The International Transport Workers' Federation has issued a warning to Atlantic Container Line (ACL) to ensure it abides by its Maritime Labour Convention (MLC) responsibilities and ensures safe crew repatriation following an anonymous tip off from crew in Liverpool.
In June crew onboard the UK-flagged ACL Atlantic Sky, contacted ITF head office in London, inspectors in Germany, Antwerp and Liverpool, begging ITF to get them off the ship.
Several of the crew had been on board for almost 15 months, far longer than their originally contracted nine months. Some had not been on shore for over a year.
Under the MLC, a seafarer has a right to stop working and be returned home at the employer's expense once their contract has finished. The maximum a seafarer can be on board without leave is 11 months.
Crew change has become increasingly difficult during the pandemic. ITF estimates there are 300,000 seafarers trapped working aboard the world's vessels. Another 300,000 seafarers are unemployed, waiting desperately to relieve those still on ships.
The primary causes for the 'crew change crisis' are closed borders by port states, transit countries and the home countries of seafarers; as well as a lack of available flights.
'ACL has had a decent reputation in the past and the seafarers have valued their employment with them. But you must be concerned when crew contact you anonymously begging for help to get them repatriated to their homes and families whilst remaining too scared to reveal their identities. Seafarers on board ACL's ships are clearly worried about the repercussions they would face for refusing to continue to work once their contracts have finished,' Nautilus ITF inspector at Liverpool Tommy Molloy said.
'Unfortunately, we need seafarers to openly request their repatriation. That's the only way we can help get them off in ports like Liverpool and ensure they get home.'
Mr Molloy describes having to untangle a web of vessel ownership and contracting entities in order to help the mostly Filipino crew enforce their right to get off.
'The owners of the vessel are listed as being situated in USA, the registered owners are in Sweden, the parent company is in Italy, and the managers are in Monaco. I contacted a number of them on 6 July to ask if they would be replacing those crew who had exceeded contracts when the vessel arrived in Liverpool, the ship's home port,' he explained.
In an email, Mr Molloy told the company that the UK considered seafarers to be key workers and that there were no impediments preventing crew from signing off in Liverpool. The company said that there were difficulties with organising flights into and out of the Philippines.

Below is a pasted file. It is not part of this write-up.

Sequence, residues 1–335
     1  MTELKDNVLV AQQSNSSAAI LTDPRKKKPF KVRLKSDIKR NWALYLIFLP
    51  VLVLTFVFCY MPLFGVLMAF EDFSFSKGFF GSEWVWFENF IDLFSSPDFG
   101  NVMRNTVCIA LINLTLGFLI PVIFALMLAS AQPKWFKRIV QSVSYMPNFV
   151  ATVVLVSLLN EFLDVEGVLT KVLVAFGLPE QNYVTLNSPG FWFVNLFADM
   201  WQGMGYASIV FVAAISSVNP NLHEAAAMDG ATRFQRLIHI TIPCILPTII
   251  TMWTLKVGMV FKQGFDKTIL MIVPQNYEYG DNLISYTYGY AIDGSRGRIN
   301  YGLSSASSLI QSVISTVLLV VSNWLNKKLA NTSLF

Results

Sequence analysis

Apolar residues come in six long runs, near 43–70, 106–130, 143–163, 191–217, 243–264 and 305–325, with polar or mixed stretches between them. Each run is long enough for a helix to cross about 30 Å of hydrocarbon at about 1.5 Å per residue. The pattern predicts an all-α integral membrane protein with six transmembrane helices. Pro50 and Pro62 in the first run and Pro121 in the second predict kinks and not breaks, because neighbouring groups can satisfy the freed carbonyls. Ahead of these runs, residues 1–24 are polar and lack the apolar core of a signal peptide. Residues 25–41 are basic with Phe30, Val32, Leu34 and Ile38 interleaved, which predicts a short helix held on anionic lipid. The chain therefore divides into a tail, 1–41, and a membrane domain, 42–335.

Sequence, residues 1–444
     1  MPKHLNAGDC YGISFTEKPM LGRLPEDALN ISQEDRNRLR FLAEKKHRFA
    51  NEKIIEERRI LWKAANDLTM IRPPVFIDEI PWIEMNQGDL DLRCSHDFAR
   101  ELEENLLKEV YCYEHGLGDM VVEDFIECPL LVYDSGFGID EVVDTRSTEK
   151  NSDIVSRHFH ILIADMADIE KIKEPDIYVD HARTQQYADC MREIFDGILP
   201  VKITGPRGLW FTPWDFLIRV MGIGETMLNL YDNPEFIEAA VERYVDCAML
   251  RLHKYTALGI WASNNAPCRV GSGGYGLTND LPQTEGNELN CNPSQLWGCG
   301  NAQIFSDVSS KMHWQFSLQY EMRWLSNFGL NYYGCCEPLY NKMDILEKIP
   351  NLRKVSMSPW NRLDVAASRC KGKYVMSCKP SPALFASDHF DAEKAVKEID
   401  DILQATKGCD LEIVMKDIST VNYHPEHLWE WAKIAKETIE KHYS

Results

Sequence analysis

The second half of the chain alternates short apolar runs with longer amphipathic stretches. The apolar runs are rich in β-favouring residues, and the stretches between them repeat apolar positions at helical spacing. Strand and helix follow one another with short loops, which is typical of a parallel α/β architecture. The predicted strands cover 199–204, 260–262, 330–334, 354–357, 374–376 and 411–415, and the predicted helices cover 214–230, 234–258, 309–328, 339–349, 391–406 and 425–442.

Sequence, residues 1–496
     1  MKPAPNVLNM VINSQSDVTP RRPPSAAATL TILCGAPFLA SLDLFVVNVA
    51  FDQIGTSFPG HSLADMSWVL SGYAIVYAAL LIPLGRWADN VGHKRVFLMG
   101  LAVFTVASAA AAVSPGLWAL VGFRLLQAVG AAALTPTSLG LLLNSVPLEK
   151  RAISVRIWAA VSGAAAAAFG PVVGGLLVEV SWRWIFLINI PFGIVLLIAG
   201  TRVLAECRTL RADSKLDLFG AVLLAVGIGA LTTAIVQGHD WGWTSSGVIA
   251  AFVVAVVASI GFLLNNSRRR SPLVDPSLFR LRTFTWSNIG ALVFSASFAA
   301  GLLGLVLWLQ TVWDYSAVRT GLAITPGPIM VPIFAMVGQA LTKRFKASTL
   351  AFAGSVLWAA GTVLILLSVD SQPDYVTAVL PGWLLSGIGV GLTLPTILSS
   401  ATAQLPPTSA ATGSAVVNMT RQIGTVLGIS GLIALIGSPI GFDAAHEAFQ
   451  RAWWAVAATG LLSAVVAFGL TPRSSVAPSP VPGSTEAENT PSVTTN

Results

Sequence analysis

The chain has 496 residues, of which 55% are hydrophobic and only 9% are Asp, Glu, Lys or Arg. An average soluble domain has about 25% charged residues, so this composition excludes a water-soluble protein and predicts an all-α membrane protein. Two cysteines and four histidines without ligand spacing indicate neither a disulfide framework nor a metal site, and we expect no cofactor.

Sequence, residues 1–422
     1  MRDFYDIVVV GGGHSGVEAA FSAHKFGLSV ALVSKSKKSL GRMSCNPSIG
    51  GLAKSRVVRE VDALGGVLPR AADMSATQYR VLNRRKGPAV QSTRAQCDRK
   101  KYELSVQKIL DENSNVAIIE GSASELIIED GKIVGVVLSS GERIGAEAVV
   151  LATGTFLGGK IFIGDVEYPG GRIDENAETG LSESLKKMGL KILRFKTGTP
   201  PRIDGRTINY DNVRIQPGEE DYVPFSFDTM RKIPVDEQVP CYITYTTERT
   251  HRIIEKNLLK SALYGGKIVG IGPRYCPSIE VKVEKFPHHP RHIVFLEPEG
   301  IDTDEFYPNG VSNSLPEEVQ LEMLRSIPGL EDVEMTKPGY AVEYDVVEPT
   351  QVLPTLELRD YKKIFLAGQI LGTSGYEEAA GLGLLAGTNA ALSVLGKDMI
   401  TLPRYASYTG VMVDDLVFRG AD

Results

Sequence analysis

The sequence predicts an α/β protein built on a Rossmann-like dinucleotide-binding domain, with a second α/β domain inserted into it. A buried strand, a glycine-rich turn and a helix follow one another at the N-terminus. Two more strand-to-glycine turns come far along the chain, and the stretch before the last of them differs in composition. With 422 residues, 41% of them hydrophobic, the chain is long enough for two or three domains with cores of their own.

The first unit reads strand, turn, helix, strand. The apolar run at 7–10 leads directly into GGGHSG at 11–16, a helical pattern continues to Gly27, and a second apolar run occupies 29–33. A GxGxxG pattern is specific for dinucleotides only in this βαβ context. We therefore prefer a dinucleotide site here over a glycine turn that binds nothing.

'They told me they had tried and failed to source flights from the UK to Manila. I found and sent them details of available, albeit expensive, flights from Manchester and London and told them they had many options for replacing those seafarers.'
Thanks to the ITF's efforts, on 19 July five crew signed off the vessel in Liverpool and were relieved by Bulgarian seafarers.
The Filipino off-signers stayed in a hotel for a number of days before taking flights home to see family they had been missing for months.
However, not all the crew felt confident enough to risk the ire of their employers by asking for repatriation. The Atlantic Sky departed Liverpool for Canada with several Filipino crew who had been on board for almost 15 months, Mr Molloy said.
'The fact that these seafarers were too scared to put up their hands to stop working and request to go home is of great concern to the ITF. It also concerns us that some companies may be using the logistical difficulties of the current crisis to make excuses for not doing crew change.
'Expensive flights are no reason to delay repatriation in the hopes that they become cheaper. Employers have responsibilities under the MLC to get seafarers home after they've finished their contracts – and employers are still making money during this pandemic. Delaying further would be a slap in the face to seafarers after the loyalty and patience they have shown throughout this crisis.
'We know the impact that being trapped working aboard these vessels is having on the mental and physical health of seafarers. It's not acceptable nor sustainable to have them separated from their families – for far longer periods than they originally agreed to.
'Employers need to take every chance they have at repatriating and relieving their crew, before it's too late.'
Nautilus approached ACL for comment on this story.